Donderdag, Augustus 7, 2003 / Last Modified: Zaterdag, December 31, 2011
By Jonathan Schanzer & Barak Barfi, New York Post, August 7, 2003
Jonathan Schanzer is a Soref Fellow at the Washington Institute for Near
East Policy. Barak Barfi is a visiting research fellow at Hebrew University of Jerusalem.
ISRAELI Prime Minister Ariel Sharon visited Washington last week to garner
support for a Middle East cease-fire that includes dismantling Palestinian
terrorist groups in the West Bank and Gaza. With the focus on Hamas and
Palestinian Islamic Jihad (PIJ), however, one terror organization has been
largely ignored: the Al-Aqsa Martyrs Brigades, which threatened Sunday to end
its truce with Israel.
If Washington is not careful, sidelined Palestinian Authority Chairman Yasser
Arafat will build the Brigades into the strongest Palestinian rejectionist group –
and emerge triumphant from his current isolation.
To understand how, first realize that Arafat and the Brigades are
inextricably linked. In fact, Arafat helped form the terrorist group.
With the Intifada’s launch in September 2000, suicide bombings quickly made
radical groups like Hamas and PIJ more popular than Arafat’s Fatah in the
“Palestinian street.” So Arafat and his cadres attempted to imitate the popular
Islamic groups by creating one of their own.
The newly formed Al-Aqsa Martyrs Brigades co-opted Islamic symbols
and slogans, drawing heavily from the Koran and Islamic tradition. And the
Brigades soon matched Hamas by sponsoring suicide bombings – more than two
dozen to date (including a thwarted attack last week).
Almost three years later, Brigades members openly admit their membership in
Arafat’s Fatah faction. Malik Jallad, a Brigades commander in Tulkarm
acknowledges, “we belong to Fatah.” One Brigades foot soldier told USA
Today, “Our commander is Yasser Arafat himself.”
Even Palestinian Authority minister Abd al-Fattah al-Hamayel admits that
Fatah funds the organization. Arafat, for his part, calls the group’s cadres his
And documents seized by the Israeli military show financial links. In one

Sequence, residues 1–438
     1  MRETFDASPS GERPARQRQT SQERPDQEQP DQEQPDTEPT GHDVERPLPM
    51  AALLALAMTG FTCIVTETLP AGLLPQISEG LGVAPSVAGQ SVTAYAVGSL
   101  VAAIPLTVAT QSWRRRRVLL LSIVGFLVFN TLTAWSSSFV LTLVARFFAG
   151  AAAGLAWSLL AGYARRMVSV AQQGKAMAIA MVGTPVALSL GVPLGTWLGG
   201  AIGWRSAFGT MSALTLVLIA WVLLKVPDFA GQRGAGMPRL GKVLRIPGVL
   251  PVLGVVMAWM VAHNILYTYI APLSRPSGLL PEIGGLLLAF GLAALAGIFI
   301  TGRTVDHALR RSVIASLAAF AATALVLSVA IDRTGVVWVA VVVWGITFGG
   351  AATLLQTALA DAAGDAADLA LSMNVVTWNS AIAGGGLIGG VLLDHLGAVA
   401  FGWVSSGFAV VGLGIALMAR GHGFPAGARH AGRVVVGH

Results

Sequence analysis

instance, Arafat paid out $20,000 to the group. From other files, it’s clear that
he bankrolled everything from explosives to guns and gas money.
Today, Arafat uses the Brigades as a tool to undermine both peace efforts and
his political adversaries.
* After a cease-fire with Israel was declared in late June, Zakaraya al-Zubaydi,
the Brigades commander in Jenin, issued a leaflet slamming it. Days later, his
fighters carried out the first major violation of the truce when they killed a
Bulgarian in the West Bank.
In public, Arafat claimed to order the arrest of Zubaydi and his gang. In
private, the Palestinian leader authorized a $10,000 payment to them. When
the governor of Jenin voiced disapproval of this illegal deal, Zubaydi had him
kidnapped and beaten. Only a phone call from Arafat to the Brigades leader
secured the official’s release.
* When Nabil Amr, a Palestinian reformer, openly criticized the rampant
corruption in Palestinian ministries, Arafat responded by sending masked
gunmen from the Brigades to shoot up his house.
The group is also doing everything in its power to subvert Palestinian Prime
Minister Mahmoud Abbas and sabotage a cease-fire that would put the peace
process back on track. In one recent leaflet circulated in the West Bank, the
Brigades called on Arafat to remove Abbas and his government. Another
threatened the Israelis with “a thousand years war” led by “an army of martyrs.”
By challenging Israel and weakening Abbas’ authority, the Brigades bolster their
standing in a Palestinian street that puts a premium on radical rhetoric and
deed. They also strengthen Arafat. Indeed, the sidelined leader can assert his
relevance by insisting that he is the only Palestinian leader with the authority
and power to rein in the organization. Thus, the Brigades will be his ticket back
into the game.
The United States should not allow Arafat to use the Brigades for these
purposes. Washington must push for the disarming of this group with the same
intensity as it is working to break up Hamas and PIJ.
The State Department, after all, declared the Brigades a foreign terrorist
organization last March. In recent months, the group has carried out more acts
of violence against Israelis than Hamas or PIJ. And in February, Brigadier al-Haj
Abu Ahmad revealed to the Saudi-based al-Majallah his plans to send hundreds
of fighters from the Brigades into Iraq to fight the U.S.
The Bush administration has done a great job in sidelining Arafat to date.
Dismantling the Al-Aqsa Martyrs Brigades, one of Arafat’s last terror cards, will
be a crucial step in the process of rendering him irrelevant.